Sunday, April 01, 2007

Why the government keeps Indians poor

To understand the enormity of the falsehood, let me put things in perspective. The net per capita food availability in India in 1971 was 394 gm per day. This was just after the onset of Green Revolution in India. Exactly 30 years later, in 2001, the net per capita of foodgrain availability was 396 gm per day: a princely rise of 2 gm! In effect, for over 30 years our farm growth has barely kept pace with our population growth.
A comparison with other countries is central to understanding the extent of food shortage prevailing in India. Advanced countries, on a per capita basis, consume anywhere between 500 gm to 600 gm per day. Such healthy consumption in these countries is supplementary to the substantial quantity of meat, fruits, vegetables and milk.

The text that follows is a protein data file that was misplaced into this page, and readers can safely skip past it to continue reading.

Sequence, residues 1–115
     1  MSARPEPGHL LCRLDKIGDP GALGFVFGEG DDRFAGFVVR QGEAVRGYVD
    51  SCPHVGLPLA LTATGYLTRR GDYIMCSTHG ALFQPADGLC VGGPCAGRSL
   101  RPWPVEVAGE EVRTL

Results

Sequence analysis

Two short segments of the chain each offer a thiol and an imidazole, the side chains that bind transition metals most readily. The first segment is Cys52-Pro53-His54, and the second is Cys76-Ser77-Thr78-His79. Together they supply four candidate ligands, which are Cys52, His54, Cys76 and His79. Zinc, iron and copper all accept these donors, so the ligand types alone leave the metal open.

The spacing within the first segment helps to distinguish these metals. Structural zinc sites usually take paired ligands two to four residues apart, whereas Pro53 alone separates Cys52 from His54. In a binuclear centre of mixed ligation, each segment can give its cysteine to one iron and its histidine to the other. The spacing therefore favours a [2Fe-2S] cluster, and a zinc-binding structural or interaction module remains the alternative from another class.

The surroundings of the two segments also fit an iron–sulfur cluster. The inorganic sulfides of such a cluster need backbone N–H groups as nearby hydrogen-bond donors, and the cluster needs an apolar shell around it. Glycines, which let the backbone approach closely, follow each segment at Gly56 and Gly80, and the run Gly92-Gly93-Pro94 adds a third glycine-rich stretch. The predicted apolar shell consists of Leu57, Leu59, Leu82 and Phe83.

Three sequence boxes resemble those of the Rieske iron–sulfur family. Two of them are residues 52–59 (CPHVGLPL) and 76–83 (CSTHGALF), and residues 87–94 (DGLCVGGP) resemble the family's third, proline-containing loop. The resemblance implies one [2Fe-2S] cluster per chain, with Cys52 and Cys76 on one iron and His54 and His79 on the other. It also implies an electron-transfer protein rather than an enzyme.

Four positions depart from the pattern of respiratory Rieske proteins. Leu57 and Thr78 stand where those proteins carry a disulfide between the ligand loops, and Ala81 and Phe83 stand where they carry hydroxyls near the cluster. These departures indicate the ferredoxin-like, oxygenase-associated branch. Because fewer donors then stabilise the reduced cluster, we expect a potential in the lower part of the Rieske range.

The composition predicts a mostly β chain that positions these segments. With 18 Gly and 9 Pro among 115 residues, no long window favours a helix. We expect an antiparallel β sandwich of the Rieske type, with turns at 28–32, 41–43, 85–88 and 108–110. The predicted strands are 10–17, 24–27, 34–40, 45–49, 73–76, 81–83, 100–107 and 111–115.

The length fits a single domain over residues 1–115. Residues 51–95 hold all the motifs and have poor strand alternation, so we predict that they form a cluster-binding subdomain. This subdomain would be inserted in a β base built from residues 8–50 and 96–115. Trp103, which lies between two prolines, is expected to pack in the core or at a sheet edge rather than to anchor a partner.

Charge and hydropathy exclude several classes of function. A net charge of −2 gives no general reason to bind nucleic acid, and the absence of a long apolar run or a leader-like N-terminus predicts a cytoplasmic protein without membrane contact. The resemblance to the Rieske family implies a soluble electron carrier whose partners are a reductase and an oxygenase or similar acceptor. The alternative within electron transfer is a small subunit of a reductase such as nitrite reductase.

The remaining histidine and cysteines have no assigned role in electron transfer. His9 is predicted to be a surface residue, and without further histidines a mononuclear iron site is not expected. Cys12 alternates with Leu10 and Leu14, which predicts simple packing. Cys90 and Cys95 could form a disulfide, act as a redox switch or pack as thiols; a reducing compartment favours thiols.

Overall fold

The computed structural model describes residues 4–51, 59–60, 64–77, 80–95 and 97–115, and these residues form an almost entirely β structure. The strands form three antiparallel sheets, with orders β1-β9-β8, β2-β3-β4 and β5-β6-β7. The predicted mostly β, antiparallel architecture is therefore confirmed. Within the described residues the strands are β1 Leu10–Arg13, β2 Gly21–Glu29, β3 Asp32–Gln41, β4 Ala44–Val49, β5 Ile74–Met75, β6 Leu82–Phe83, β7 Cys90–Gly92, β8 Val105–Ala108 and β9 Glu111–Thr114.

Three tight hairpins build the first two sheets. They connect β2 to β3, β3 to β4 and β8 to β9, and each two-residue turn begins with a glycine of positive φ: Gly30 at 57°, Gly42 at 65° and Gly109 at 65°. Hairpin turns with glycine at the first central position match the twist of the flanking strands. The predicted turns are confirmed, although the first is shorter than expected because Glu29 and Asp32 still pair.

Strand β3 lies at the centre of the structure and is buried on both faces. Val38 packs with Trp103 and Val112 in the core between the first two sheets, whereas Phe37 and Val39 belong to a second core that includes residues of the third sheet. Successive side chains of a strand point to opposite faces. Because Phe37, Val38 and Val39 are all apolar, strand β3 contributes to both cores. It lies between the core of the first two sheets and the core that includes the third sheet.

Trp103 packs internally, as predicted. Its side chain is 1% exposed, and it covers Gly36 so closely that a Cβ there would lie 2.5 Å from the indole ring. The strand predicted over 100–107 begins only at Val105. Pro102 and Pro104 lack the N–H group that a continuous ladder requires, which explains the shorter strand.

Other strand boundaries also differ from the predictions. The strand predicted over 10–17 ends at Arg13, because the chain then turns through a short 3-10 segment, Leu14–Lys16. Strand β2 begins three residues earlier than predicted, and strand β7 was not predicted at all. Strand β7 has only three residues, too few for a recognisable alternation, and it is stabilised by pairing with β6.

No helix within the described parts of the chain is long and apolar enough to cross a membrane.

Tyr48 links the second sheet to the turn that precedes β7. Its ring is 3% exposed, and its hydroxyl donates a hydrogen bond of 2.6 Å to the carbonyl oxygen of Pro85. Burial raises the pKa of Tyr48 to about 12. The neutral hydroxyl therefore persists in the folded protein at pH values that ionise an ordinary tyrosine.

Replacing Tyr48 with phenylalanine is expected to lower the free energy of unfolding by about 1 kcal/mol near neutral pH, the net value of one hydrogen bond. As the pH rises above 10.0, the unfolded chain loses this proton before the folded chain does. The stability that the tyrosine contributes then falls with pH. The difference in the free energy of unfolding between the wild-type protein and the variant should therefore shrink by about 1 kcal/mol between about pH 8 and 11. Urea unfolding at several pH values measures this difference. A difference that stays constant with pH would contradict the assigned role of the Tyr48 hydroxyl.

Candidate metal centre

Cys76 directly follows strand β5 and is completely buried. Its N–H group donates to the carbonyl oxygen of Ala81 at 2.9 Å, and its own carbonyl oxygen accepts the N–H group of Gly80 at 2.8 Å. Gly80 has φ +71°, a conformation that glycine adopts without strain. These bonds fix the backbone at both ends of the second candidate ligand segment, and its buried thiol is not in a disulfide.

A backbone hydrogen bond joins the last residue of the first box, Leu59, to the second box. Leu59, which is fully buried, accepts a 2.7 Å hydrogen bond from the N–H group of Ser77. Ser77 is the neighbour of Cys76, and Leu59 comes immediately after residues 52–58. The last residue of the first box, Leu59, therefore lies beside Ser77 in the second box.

The government spends about Rs 26,000 crore (Rs 260 billion) every year on food subsidy, through the public distribution system (PDS), for those living below the poverty line. It is estimated that for every Re 1 of subsidy to reach the ultimate beneficiary, the government has to spend approximately Rs 7 on the administrative mechanism. In fact, of the 300 million poor estimated to be below the poverty line in the country, only 25 per cent are estimated to have access to PDS.

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